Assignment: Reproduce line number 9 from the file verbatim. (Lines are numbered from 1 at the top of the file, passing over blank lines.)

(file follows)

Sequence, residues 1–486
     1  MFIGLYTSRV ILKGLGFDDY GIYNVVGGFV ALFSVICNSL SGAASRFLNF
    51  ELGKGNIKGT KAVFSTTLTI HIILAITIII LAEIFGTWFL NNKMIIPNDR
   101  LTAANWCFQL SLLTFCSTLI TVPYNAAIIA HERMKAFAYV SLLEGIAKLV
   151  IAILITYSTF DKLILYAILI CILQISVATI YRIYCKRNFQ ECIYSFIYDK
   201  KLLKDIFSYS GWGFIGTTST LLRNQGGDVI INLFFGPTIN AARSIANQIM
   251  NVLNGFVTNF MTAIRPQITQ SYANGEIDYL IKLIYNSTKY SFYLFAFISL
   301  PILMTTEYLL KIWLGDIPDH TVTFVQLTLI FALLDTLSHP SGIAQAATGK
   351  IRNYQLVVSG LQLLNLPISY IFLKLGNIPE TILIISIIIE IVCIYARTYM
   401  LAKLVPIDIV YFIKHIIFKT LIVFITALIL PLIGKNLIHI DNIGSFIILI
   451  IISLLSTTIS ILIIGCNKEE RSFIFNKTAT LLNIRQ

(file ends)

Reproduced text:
   351  IRNYQLVVSG LQLLNLPISY IFLKLGNIPE TILIISIIIE IVCIYARTYM